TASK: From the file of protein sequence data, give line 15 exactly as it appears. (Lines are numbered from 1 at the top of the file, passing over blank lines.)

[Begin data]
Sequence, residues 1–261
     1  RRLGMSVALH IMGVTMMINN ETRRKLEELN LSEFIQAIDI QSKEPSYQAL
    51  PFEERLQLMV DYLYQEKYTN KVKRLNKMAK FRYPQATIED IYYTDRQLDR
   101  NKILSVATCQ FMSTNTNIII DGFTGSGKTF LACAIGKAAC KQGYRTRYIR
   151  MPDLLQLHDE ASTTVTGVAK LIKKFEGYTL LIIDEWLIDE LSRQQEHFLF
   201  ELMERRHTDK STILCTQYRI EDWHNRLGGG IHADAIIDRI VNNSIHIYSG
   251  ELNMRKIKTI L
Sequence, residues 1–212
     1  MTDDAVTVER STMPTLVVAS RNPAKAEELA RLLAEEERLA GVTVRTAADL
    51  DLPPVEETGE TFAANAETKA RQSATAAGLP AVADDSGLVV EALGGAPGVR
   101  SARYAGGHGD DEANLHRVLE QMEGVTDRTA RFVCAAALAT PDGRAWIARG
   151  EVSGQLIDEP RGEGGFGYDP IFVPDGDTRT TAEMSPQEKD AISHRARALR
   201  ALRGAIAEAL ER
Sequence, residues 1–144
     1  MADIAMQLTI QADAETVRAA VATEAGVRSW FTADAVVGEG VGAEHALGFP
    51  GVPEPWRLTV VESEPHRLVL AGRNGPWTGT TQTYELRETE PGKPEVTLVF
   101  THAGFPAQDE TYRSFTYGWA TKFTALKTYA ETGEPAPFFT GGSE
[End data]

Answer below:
     1  MADIAMQLTI QADAETVRAA VATEAGVRSW FTADAVVGEG VGAEHALGFP